IN MY free time I play video games. For a pacifist in a medium that frequently depicts, if not outright celebrates, war and violence, this can sometimes be a complicated statement. It means I don’t play some games and I try (as far as my single voice can) to encourage others not to purchase war games. But war is ubiquitous in the world of video games. From strategic games where players are happy to reenact the Second World War, trying to win (as either side) the conflict without any moral reflection on strategic bombing, genocide or the comparative morality of either side, down to the scale of individual soldiers fighting wars past, present and sometimes startlingly realistic projections of future wars, the player is nearly always a soldier, and the “Action” is always killing.
So war games don’t find a place in my gaming hours. Except, just recently, one has. “This War of Mine” is a game that focuses on a different experience of war - the civilian one. Most games featuring war don’t show civilians, or if they do, they’ll be a fleeting presence, background refugees or sprawling corpses. Usually, if you’re playing as a soldier, the civilians are there to protect and, after mowing down a legion of digital Taliban/Russians/Germans/delete as appropriate, they will be thankful, and disappear.
“This War of Mine” asks the question what happens to civilians in war? It tasks you with the job of simply surviving through the siege of a modern city - ostensibly in a fictional Balkan republic, but a clear stand in for Sarajevo, but also speaking to the civilian experience in Vukovar, Beirut, Gaza, Baghdad. Your band of survivors have personalities and histories, reasons for being in the city as it is fought over by “Rebel” and “Government” forces. By day you try to survive in your bombed-out refuge, cooking meals and scraping together material for beds, fuel for the fire, and desperately hoping for good news on the radio. At night you scavenge for supplies, trade whatever you can find for food or materials and, at least when I’ve been playing, hope that the hospital survived the day’s shelling.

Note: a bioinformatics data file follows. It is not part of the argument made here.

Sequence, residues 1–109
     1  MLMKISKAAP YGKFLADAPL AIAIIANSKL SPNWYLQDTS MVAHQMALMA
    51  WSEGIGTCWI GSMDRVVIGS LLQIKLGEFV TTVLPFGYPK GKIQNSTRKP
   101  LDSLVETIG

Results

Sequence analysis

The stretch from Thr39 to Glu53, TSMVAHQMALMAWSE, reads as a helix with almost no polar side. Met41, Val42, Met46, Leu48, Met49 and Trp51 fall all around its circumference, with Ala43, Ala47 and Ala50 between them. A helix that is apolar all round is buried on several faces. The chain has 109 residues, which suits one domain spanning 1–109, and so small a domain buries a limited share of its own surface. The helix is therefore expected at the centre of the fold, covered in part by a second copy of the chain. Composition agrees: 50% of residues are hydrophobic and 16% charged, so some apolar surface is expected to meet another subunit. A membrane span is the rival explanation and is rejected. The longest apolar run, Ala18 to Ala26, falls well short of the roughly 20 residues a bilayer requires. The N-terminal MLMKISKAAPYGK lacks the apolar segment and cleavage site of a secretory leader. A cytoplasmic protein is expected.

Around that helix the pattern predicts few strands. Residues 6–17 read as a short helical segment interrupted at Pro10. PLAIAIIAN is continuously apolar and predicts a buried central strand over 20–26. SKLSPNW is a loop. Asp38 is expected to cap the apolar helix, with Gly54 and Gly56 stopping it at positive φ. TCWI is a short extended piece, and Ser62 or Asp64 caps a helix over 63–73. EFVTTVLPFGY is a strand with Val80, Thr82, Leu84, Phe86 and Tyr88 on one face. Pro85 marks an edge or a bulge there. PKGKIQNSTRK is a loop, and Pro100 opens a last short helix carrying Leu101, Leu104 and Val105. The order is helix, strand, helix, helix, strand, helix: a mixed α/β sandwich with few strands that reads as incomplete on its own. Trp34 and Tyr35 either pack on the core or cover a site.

The purpose of the game is to survive. But the designers of the game 11bit Studios, preface the opening with Hemingway’s quote “in modern war you die like a dog for no reason”, and you do. In my most recent play through of the game, Pavle, the sportsman and brilliant scavenger was killed at random by a sniper’s bullet. His backpack of food and medicine was lost. In the refuge, the loss of the food was minor compared to the loss of the man - his friends fell into a black depression, and the choice of using my survivors to comfort each other or search for food left not enough time to go around. Bruno, devastated by the loss of Pavle, hung himself that night.
The fact that this statement can even be written about a computer game is staggering. This War of Mine shows the reality of the impact of war on civilian populations and does not, at any stage, pull punches. War is a dirty, squalid and amoral thing, and you feel it with every day in the 40 day siege you play through in a “normal” run of the game. The characters you play are not soldiers, either volunteer or conscript, but normal people, just like those playing the game. You cannot “superman” your way to victory through skill or knowledge of the game’s systems. As in real war, luck above anything is the only reason anyone survives. This in itself makes it work well as a game - and upset the usual rhythms and expectations of the players.
Playing This War of Mine is sometimes like a kick in the teeth. It’s unpleasant, unflinchingly honest in it’s depiction of war, whether from the islands of humanity lingering among the survivors or the paramilitary-run brothel, sniper’s alley or the groups of desperate starving people you encounter who you may help, if you can spare the aid.
It’s not just honest but provocative. It’s advertising is led by Bertrand Russell quotes and it raises money for War Child with every purchase. It asks questions about why we go to war, and what it does to everyone caught up in it. It states that “War is not a choice” for those civilians it touches. War is not a choice for my survivors hiding in their refuge. It is a choice for those who declare it, work for it and orchestrate it. This War of Mine provides one of the most powerful and persuasive arguments against war and for a productive and active pacifism that I have ever encountered. It should be better known.